3 Social Security Strategies to Fund Your Retirement | Business news

From a distance, Social Security seems like a pretty simple program. You pay into the system while you work. Then, as soon as you retire, you will collect this. While that’s generally true, the specific way it’s designed means you have some flexibility in how you collect it and how you use the money in your retirement plan.

With that in mind, there are several strategies you can use with Social Security to help fund your retirement. However, some of them require advance planning, so it’s best to get started well before you’re ready to collect. These three strategies should give you some great ideas on how to use Social Security as part of a bigger plan.

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No. 1: The default setting: take the money and spend it

If you don’t do a lot of planning, pretty much standard, you’ll end up filing a Social Security claim to spend the money that comes in. While that’s a perfectly acceptable use of the money, it can also be extremely limiting. The average retiree currently receives about $1,671 a month from Social Security.

If that’s enough to cover your lifestyle, congratulations, you’ll probably be fine. It is enough to keep one person above the poverty line in all 50 states. As long as you don’t have high base costs or expect a particularly lavish lifestyle, that may be enough to get through your retirement.

Of course, Social Security was never intended to be the sole source of your retirement money. So if you have a way to get another source of money, better Social Security strategies may start to become available to you.

No. 2: Postpone filing and increase your monthly income throughout your life

You have a choice when you start collecting your Social Security. You can start your payments anytime as soon as you turn 62, and the longer you wait — until age 70 — the higher your monthly benefit will be. This helps in two ways.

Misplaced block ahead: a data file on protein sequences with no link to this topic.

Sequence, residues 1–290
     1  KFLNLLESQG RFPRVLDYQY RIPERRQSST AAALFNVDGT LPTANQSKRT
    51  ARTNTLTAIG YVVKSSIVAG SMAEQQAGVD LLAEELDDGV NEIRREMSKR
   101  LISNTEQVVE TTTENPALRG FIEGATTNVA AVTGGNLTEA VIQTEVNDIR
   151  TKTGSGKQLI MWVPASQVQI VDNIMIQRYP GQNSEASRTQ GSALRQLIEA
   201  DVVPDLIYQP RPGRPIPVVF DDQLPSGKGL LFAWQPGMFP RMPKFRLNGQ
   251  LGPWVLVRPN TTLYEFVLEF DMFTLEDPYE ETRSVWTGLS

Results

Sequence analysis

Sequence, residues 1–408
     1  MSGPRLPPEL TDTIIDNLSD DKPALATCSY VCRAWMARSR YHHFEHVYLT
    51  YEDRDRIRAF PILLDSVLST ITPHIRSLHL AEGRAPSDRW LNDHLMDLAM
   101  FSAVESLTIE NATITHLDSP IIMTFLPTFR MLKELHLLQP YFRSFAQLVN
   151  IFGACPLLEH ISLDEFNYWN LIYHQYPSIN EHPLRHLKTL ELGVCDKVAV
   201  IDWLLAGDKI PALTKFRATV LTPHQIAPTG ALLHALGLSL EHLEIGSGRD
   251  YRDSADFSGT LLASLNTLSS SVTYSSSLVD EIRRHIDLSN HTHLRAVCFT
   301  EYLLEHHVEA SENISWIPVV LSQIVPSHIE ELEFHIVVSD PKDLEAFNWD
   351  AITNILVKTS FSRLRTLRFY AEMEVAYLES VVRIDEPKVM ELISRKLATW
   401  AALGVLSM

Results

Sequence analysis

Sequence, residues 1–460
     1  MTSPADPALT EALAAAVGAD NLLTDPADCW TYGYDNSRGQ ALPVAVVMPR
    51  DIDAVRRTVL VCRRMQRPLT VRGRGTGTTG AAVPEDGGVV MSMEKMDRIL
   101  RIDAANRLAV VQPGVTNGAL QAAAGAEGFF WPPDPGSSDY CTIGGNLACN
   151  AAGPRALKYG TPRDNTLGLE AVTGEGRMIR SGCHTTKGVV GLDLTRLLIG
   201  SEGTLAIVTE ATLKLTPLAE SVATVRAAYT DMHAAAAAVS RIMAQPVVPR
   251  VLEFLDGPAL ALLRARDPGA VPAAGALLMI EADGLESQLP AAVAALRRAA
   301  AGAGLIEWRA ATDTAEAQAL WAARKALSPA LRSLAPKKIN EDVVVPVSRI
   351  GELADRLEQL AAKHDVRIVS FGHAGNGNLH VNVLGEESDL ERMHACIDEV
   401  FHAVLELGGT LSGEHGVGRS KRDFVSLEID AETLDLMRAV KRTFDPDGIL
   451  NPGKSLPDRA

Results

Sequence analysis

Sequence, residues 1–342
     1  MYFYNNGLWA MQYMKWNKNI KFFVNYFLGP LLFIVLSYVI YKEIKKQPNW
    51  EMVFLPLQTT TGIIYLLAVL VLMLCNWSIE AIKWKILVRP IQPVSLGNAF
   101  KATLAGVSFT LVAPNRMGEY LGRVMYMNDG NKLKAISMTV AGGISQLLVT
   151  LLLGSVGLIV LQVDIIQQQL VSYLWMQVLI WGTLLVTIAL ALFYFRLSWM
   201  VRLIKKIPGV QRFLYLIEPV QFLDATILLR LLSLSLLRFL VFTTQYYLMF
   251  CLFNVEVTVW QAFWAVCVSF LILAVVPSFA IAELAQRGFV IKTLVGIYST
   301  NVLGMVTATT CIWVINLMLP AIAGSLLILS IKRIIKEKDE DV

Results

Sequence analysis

First, as long as the program’s trust funds last, Social Security payments provide a guaranteed source of income for the beneficiaries. Even if those trust funds are empty and nothing else changes, the program expects to pay out about 75% of what the recipients expect.

Second, Social Security offers its recipients an annual inflation adjustment based on their previous benefit level. The higher your monthly benefit, the greater the absolute dollar boost you will get from that inflation adjustment.

The trade-off, of course, is that the longer you wait to collect Social Security, the longer you’ll have to work or the more early retirement costs you’ll have to cover from your other finances. In addition, if you end up with a shorter-than-average lifespan, deferring your claim may cause you to receive less money over your lifetime than you originally hoped.

No. 3: Submit early and use the money to help with Roth IRA conversions

If you have a decent balance in your traditional retirement accounts, then power want to get some of that money into a Roth IRA before you reach age 72. This is because once you are 72, you are subject to the required minimum distributions from most of your retirement accounts, but not your Roth IRAs. In addition, once the money is in your Roth IRA, it can be compounded tax-free for the rest of your life and passed on to your heirs in a more tax-efficient way than a traditional retirement account.

The challenge with a Roth IRA conversion is that you have to pay taxes on the money you convert. If you can pay those conversion taxes from a cash source Outside from your IRA itself, you can make so much more work for you in that tax- and RMD-free Roth IRA. As a result, withdrawing your Social Security money early and using it to cover your Roth IRA conversion taxes is a great way to get more money into your Roth IRA earlier in retirement.

Again, there are trade-offs. First, by taking your Social Security early, your monthly benefit will be lower than if you had deferred your payments. Second, there is a five-year waiting period after you first fund a Roth IRA (directly or through conversions) before you can tap your earnings tax-free if you plan to spend them. As a result, it helps if you have a pre-existing Roth IRA or if you can be sure you won’t have to tap the account until five years have passed.

The choice is yours if you plan ahead

If you plan ahead, you can choose to simply spend your Social Security benefits, try to maximize it by deferring your claim, or use it to increase the amount you can keep from your Roth IRA conversions. Whatever choice you make, the sooner you get started with your end-to-end retirement plan, the better your chances of success. So get started now and maximize your ability to use Social Security to fund your retirement.

The $18,984 Social Security Bonus Most Retirees Completely Overlook

If you’re like most Americans, you’re a few years (or more) behind on your retirement savings. But a handful of little-known “Social Security secrets” can give your retirement income a boost. For example, one simple trick could save you as much as $18,984…a year! Once you know how to maximize your Social Security benefits, we think you can retire with confidence with the peace of mind we all strive for. Click here to learn how to learn more about these strategies.

Chuck Saletta has no position in any of the listed stocks. The Motley Fool has no position in any of the listed stocks. The Motley Fool has a disclosure policy.


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